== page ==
“The market decline in 2000, the mortgage bust, the stock market decline in ’08 and ’09 are supposed to be one-in-a hundred-year events and they’re occurring a lot more regularly. So I think we have to figure out how to rephrase it.”
Whatever you want to call it—a Gray Goose, like the vodka?—the perils for unprepared investors are severe.
The problem is, when these events happen, investors often can’t get out of their own way, zigging when they should zag and zagging when they should zig.
“It comes down to two things: Monitoring your risk-reward and also understanding the behavioral aspects of investing,” Flam says. “Your own psychology is going to be your own worst enemy. You’re going to want to invest when you’re most comfortable with what’s going on around you, and then the stocks have priced that in. You’re not going to want to in invest in times of uncertainty, and that’s usually the best time to be investing.”
From Taleb’s view, the best investment strategy is to construct a portfolio filled with mostly safe investments such as government bonds and the like, with a much smaller portion dedicated to risk in options.
“You always have to be focused on not just the upside but the downside as well when investing,” Flam says. “‘Margin of safety’ is what the value investors call it.’”
Protests and government overthrows in the Middle East first upset the market’s rally off the March 2009 lows back in February, and the earthquake and tsunami in Japan—both “highly improbable events”—have caused havoc with investor psychology in recent days.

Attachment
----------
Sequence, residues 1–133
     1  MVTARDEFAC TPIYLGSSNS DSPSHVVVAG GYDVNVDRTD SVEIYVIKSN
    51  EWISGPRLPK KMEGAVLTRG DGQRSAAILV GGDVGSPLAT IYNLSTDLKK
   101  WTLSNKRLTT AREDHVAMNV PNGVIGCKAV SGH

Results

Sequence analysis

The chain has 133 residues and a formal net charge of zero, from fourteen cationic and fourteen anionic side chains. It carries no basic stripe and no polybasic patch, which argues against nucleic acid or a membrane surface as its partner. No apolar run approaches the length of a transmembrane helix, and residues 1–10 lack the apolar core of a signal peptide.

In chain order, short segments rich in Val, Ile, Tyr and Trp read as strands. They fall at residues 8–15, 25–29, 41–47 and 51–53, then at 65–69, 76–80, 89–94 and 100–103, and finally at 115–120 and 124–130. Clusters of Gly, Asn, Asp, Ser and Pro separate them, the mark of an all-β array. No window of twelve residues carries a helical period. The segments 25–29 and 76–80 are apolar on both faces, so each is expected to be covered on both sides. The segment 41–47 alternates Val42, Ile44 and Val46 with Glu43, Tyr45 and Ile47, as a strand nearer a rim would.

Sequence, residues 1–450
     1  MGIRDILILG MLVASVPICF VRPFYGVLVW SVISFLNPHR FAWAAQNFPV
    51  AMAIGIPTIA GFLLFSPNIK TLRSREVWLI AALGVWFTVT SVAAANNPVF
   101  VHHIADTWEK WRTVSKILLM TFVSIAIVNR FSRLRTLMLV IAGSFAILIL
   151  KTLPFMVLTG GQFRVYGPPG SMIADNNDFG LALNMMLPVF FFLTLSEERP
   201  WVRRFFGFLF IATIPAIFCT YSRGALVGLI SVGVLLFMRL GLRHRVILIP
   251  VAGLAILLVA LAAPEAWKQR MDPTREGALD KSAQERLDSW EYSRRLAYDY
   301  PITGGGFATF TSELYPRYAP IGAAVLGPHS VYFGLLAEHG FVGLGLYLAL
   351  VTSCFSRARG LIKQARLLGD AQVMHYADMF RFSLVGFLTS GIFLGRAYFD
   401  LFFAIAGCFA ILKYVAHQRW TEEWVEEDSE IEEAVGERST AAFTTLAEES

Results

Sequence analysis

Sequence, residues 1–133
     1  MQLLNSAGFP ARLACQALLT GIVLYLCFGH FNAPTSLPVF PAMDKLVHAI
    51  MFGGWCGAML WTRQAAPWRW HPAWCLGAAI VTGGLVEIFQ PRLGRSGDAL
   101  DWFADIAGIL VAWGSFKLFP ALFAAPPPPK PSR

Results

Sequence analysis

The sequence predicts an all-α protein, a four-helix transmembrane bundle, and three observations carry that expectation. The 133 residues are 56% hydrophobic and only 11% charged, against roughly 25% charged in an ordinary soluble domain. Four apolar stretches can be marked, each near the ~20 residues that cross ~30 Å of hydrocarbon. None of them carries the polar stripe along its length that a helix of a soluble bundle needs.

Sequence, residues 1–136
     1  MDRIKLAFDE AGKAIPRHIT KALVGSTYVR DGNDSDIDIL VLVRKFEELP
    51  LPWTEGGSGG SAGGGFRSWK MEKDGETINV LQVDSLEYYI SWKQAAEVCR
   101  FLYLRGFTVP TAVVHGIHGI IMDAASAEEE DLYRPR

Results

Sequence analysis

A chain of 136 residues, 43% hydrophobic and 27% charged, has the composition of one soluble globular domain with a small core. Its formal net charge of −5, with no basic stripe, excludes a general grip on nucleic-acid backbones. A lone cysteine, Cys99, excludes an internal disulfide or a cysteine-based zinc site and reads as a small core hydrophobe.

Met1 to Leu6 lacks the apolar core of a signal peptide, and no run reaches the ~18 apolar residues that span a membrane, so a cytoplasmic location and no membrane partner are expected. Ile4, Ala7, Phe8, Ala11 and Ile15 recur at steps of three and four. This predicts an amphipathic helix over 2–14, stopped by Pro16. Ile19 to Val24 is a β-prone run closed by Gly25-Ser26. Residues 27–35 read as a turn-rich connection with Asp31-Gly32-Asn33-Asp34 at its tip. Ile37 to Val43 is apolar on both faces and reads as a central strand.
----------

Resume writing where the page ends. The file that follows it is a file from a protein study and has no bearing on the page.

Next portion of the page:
Reaction, though, has been predictable. Investors have shed risk assets like stocks and have flocked toward the safety of US Treasurys.
That could be a precisely the wrong reaction.
“It’s a buying opportunity here, actually,” says Michael Cohn, chief investment strategist at Global Arena Investment Management in New York. “This is an opportunity to kind of shuffle things around and buy things that are going down."
Not exactly the Taleb strategy, but there is a protection element to it.
Cohn relies on 13 years in derivative trading to use covered calls to limit downside, not a foolproof strategy, to be sure, but one that at least braces for the probability of the improbable.
Strategists at Bank of America Merrill Lynch also are counseling clients to avoid panic selling, saying the strategy of dumping stocks in turbulence and then buying back 20 days later has only worked once—during the 1987 Black Monday crash, which was, yes, another Black Swan.
“Although this strategy helps to avoid many of the market’s worst performance periods, it usually significantly underperforms a simpler strategy of just staying invested,” chief US equity strategist David Bianco said in a research note for clients. “This is because it also misses the best days, which tend to closely follow the worst days.”
After all, nobody said a Black Swan had to be a bad thing.
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